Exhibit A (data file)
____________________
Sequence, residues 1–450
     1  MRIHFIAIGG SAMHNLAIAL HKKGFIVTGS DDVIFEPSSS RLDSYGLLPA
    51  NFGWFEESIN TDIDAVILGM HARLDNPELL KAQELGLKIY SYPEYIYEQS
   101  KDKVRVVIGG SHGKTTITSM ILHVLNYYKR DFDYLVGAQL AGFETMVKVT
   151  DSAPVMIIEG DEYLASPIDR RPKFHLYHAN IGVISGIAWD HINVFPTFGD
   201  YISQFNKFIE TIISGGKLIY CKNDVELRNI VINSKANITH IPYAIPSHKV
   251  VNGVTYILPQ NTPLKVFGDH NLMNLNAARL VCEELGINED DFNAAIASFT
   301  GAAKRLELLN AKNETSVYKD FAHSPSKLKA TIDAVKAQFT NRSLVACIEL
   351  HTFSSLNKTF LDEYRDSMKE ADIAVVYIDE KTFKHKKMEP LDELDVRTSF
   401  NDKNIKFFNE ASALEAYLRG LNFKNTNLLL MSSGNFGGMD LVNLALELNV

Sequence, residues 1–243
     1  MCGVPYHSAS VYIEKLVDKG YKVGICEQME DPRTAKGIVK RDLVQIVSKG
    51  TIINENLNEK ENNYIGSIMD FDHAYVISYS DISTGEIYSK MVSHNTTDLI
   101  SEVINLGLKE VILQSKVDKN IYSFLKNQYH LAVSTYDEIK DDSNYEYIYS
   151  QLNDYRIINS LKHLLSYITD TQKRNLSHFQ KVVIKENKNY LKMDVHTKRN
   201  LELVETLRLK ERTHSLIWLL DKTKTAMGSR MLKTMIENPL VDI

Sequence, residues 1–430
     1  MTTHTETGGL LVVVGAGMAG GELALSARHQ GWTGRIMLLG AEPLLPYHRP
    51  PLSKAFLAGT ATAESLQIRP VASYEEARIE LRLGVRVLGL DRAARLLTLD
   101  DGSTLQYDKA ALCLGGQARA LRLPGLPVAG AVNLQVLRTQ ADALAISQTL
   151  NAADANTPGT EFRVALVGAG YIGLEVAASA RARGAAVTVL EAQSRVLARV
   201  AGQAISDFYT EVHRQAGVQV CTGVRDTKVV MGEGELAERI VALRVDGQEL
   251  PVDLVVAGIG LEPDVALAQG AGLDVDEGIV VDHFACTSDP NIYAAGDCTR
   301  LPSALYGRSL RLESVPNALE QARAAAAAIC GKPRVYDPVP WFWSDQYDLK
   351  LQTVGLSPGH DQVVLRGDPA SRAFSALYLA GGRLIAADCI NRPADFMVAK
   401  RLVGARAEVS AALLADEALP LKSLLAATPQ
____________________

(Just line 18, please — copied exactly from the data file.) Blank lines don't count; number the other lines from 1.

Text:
     1  MTTHTETGGL LVVVGAGMAG GELALSARHQ GWTGRIMLLG AEPLLPYHRP